202648_at TCF3 32 37.13 2.10 0.05047 0.01337
216267_s_at TMEM115 95 37.72 2.07 0.07745 0.02118
DOI: 10.7717/peerj.5285/table-2
Table 3:
Results of RankProd analysis-33 downregulated genes.
ID_REF Identifier gene.index RP/Rsum FC:(class1/class2) pfp P.value
221475_s_at RPL15 104 3.889 0.67 7.27E−120 1.24E−121
203535_at S100A9 103 4.437 0.71 1.20E−108 3.09E−110
209719_x_at SERPINB3 3 6.49 0.46 2.94E−79 1.00E−80
200074_s_at GUK1 55 7.095 0.45 4.17E−73 1.78E−74
209351_at KRT14 26 7.505 0.393 2.33E−69 1.20E−70
201097_s_at ARF4 11 8.908 0.32 2.43E−58 1.46E−59
217845_x_at HIGD1A 2 10.75 0.247 3.25E−47 2.22E−48
210413_x_at SERPINB4 7 10.93 0.27 2.59E−46 1.99E−47
210835_s_at CTBP2 77 12.68 0.17 2.39E−38 2.05E−39
209720_s_at SERPINB3 1 13.56 0.13 5.96E−35 5.60E−36
200761_s_at ARL6IP5 65 13.75 0.13 2.67E−34 2.74E−35
201619_at PRDX3 69 14.18 0.10 7.82E−33 8.69E−34
206276_at LY6D 47 14.37 0.15 3.27E−32 3.91E−33
201098_at COPB2 42 15.65 0.07 3.17E−28 4.07E−29
201653_at CNIH1 87 16.31 0.067 2.05E−26 2.80E−27
211906_s_at SERPINB4 8 16.42 0.003 3.80E−26 5.52E−27
202753_at PSMD6 56 17.6 0.01 3.54E−23 5.45E−24
202209_at LSM3 15 17.92 0.004 1.97E−22 3.20E−23
211023_at PDHB 9 17.95 0.018 2.14E−22 3.66E−23
221896_s_at HIGD1A 5 19.47 954.6 3.69E−19 6.62E−20
213164_at SLC5A3 63 22.18 787.9 2.11E−14 3.97E−15
201863_at FAM32A 106 22.74 767.2 1.42E−13 2.78E−14
209694_at PTS 66 24.92 688.4 1.09E−10 2.23E−11
218845_at DUSP22 10 26.22 675.4 3.21E−09 6.86E−10
203315_at NCK2 80 27.84 584.5 1.28E−07 2.84E−08
213357_at GTF2H5 114 28.09 612.8 2.09E−07 4.83E−08
217850_at SNORD19B 29 28.27 592.6 2.95E−07 7.06E−08
218283_at SS18L2 12 28.72 578.6 6.99E−07 1.73E−07
203282_at GBE1 14 31.25 526.7 5.77E−05 1.48E−05
212488_at COL5A1 68 32.86 426.3 0.0005592 0.000148
219389_at SUSD4 48 34.36 439.2 0.003389 0.000927
218115_at ASF1B 36 35.81 405 0.00481 0.004177
201692_at SIGMAR1 117 36.53 393 0.00775 0.008063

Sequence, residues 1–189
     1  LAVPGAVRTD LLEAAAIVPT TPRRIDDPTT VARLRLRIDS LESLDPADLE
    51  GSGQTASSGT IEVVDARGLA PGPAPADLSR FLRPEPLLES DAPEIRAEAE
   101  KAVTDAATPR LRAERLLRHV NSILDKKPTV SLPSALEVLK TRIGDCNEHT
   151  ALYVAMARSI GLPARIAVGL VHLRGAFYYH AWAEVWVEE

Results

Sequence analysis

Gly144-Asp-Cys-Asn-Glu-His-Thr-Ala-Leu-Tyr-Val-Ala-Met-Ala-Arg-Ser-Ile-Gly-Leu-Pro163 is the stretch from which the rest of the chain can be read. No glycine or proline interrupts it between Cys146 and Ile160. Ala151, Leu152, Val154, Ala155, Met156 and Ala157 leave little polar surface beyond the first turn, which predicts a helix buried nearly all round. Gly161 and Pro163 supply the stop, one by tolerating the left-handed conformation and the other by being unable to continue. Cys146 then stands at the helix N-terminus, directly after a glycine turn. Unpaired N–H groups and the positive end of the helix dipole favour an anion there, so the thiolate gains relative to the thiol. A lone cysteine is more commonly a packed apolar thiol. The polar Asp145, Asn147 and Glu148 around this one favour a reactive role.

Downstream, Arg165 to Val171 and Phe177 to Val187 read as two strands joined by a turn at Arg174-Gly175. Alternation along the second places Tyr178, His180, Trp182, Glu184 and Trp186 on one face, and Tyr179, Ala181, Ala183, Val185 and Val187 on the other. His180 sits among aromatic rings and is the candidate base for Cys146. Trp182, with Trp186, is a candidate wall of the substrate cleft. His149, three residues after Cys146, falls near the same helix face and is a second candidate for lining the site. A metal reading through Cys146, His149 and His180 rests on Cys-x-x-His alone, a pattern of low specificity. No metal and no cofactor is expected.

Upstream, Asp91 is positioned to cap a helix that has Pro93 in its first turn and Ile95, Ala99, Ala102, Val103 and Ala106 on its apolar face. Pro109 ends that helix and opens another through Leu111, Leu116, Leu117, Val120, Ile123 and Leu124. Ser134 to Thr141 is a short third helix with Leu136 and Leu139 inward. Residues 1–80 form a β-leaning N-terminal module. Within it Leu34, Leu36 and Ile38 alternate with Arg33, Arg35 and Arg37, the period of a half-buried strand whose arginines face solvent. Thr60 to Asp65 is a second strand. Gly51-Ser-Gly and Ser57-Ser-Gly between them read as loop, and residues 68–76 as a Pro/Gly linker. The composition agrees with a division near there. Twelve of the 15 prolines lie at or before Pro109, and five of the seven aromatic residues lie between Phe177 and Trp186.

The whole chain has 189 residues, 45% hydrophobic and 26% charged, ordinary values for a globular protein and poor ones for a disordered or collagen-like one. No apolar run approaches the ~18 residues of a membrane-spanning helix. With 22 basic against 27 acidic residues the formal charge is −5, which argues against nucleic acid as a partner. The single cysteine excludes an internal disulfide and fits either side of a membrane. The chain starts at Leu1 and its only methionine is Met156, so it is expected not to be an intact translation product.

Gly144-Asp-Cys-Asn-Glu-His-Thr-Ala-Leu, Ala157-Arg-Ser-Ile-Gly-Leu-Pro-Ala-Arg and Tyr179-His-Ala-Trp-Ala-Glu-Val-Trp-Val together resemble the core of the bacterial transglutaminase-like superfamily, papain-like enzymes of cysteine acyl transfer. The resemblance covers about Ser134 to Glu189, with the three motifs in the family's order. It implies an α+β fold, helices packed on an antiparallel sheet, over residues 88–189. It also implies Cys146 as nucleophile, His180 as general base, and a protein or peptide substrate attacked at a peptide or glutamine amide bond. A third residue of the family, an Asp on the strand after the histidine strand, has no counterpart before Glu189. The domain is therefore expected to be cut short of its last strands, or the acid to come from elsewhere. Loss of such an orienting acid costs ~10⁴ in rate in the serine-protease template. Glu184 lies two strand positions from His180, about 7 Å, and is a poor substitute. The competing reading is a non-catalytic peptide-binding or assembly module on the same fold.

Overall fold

DOI: 10.7717/peerj.5285/table-3

Notes:

Description of Tables 2 and 3: gene.index-index of genes; RP/Rsum-computed Rank Product statistics; FC: (class1/class2)-average expression levels’ computed fold change under two conditions (upregulated class and downregulated class); pfp-estimated false positive predictions value of the genes; and P-value-estimated p-value of each gene.

Stage (iii): feature selection and machine learning methods

To find the optimum set of genes, eight FS and machine learning methods namely PCC, Relief-F, CFS, IG, SFS, SVM-RFE, RF and HC, were carried out using the set of genes resulting from stage (ii) of meta-analysis.

For HC analysis, the expression patterns of the 32 upregulated genes are shown in the heatmap and were further sub-clustered by cutting tree at the maximum heights of 1.5 of the row cluster. As a result, a cluster group that contained 20 genes was found to be most correlated to each other (Fig. 2A). The same rule was applied to the 33 downregulated genes. The most correlated group that contained 26 genes was also identified (Fig. 2B). The genes that were selected in the cluster that had the highest scores are presented in Tables 4 and 5 respectively.

As for the scoring measures, the final score obtained by each of the genes is the frequency it was selected by the listed FS and machine learning methods (1 score for selected, 0 score for not selected). The higher the score of a gene, the more frequently the gene was selected by the different FS methods, and the higher the potential for the gene to be a gene marker of cervical cancer. Tables 4 and 5 show the set of genes selected by the FS methods. The up- and downregulated genes with score ≥ 6 (full score = 8, threshold = 75%) were identified and selected. In total, 21 gene expression set consisted of 9 upregulated genes and 12 downregulated genes were selected.

Hierarchical clustering of the selected genes.

Figure 2: Hierarchical clustering of the selected genes.

(A) Hierarchical clustering of the 32 upregulated genes. (B) Hierarchical clustering of the 33 downregulated genes. In the figures, each gene is represented by the rows and the samples are represented by the columns. The dendogram at the side indicates the relation between the pattern of the gene expression while the top-dendogram indicates the relation between the samples used. The level of expression of the genes, relative to the mean of the gene across all samples, is indicated by the color key, with the green representing the higher expression of the genes. The color bar represents the cluster of the genes after they have been cut at 1.5 of the height of the tree so that the clustering of the genes is seen more clearly. The color of the bar is indicated by the color key similarly.
Table 4:
Ranking of each gene (upregulated) using proposed FS methods.